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on 18 October 2007
As with the other Michel Thomas courses (only this time without him) this is an excellent language learning tool. You very quickly find yourself able to express quite complex ideas in Russian.
The course easily gets to grips with the strangeness (to an English ear) of the Russian emphases in pronunciation, of intonation in questions (utterly different to the English), and of the soft sound.
Sometimes you might feel like shouting at the two students Natasha Bershadski is working with - but that all adds to the fun!
My only regret is that we are going to have to wait so long for the Advanced course (scheduled for March 2008 I think).
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on 10 April 2008
The teacher here has found novel ways of interpreting Russian words as vivid images which stick in your mind. The learning process comes naturally as if uncovering a Russian tongue you never knew you had. References to Russian culture as well as etymology of certain words further aid the memory.

Having taken a few Russian classes for beginners some years ago, these CDs were a very useful refresher for me and I wish they'd been made earlier! I found the pace comfortable as you're constantly learning and practicing what you learn at each stage. You're encouraged to revisit words and constructions already learnt by building them into new sentences.

To the extent that your mistakes are similar to the 2 students, you learn from their mistakes as if you yourself are being corrected. Common pitfalls are pointed out and gentle reminders flag points to watch yourself on.

As a native English speaker, I didn't appreciate the importance of tone and pitch in spoken Russian at first. You learn how stress can affect the meaning of a sentence or word depending on where it falls. Through examples and repetition you become accustomed to this as well as the subtleties of "hard" versus "soft" sounds. I found sounds much easier to distinguish by listening to the CDs than I did learning in the classroom.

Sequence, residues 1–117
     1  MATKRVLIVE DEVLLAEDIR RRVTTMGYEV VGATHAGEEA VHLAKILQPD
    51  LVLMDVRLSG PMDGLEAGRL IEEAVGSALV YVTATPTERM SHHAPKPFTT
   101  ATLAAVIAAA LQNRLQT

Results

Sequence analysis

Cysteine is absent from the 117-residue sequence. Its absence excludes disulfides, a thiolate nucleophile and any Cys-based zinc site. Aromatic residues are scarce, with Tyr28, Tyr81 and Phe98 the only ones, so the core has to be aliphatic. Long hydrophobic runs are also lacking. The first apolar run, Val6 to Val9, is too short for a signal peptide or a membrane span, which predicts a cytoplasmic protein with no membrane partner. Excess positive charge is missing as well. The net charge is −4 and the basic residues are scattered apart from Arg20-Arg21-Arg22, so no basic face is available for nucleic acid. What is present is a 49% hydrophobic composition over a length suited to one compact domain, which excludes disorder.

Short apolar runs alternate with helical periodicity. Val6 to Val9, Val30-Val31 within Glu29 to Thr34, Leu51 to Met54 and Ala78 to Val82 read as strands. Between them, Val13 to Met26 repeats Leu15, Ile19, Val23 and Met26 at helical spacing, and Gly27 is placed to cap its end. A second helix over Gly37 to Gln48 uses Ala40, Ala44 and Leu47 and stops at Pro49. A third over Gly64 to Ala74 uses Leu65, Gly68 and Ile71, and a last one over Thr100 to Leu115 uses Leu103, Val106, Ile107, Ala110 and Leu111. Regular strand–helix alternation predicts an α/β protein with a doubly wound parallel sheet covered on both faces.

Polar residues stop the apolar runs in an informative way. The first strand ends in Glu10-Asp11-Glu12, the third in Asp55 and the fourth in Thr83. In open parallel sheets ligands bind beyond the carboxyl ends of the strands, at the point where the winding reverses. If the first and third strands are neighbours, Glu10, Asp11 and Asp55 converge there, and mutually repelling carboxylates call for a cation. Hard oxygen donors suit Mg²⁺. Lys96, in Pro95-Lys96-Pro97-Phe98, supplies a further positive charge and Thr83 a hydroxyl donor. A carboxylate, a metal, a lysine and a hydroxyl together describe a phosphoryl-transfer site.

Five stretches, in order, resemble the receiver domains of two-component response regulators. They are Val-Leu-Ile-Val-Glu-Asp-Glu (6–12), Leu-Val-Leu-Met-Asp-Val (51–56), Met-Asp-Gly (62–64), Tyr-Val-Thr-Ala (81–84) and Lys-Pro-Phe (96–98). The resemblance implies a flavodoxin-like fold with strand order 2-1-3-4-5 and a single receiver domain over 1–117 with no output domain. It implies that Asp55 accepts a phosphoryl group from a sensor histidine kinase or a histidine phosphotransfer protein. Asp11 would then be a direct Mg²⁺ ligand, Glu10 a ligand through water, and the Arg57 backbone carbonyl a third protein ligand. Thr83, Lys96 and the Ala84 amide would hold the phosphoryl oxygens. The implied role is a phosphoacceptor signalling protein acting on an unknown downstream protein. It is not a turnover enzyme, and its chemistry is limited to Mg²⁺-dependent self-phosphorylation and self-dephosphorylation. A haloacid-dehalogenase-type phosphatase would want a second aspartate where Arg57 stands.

Although primarily a spoken course, it also touches on how to read the Russian Cyrillic script and the small booklet has a vocab list along with the alphabet. Grammar is explained in lay man's terms to make it easy to use. You learn to use all three tenses with ease which is a pretty remarkable for a short course.

The course is fun and really facilitates learning. It's less demanding than real classes in that you're free from homework and have no time/place commitment. That being said, you can't treat it lightly: it's not something to listen to in your sleep or while cooking a new recipe. It deserves more attention so needs uninterrupted time. You have to focus on what you're listening to and picture yourself sitting at a table with the teacher and two other students. I used the 30 min commute to work to listen to this and it worked well although my vocal practice was somewhat limited!

Overall, it's a superb introduction to Russian and achieves what is stated on the box with great success. For me personally it only served as a boost to my existing knowledge as it covered familiar territory. I'm left wanting more and am eagerly awaiting delivery of the advanced course so I can follow up and learn more Russian using this amazing technique!
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on 1 November 2007
I first heard about the Michel Thomas method when I found myself in the car picking up the Italian my wife was learning by his method. I wanted to learn Russian but at 70 years the last two years have been a dispiriting slog. Then I saw that there was a Russian course by the Michel Thomas method. The years have dropped away and I'm galloping along. Many, many thanks.
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on 4 April 2009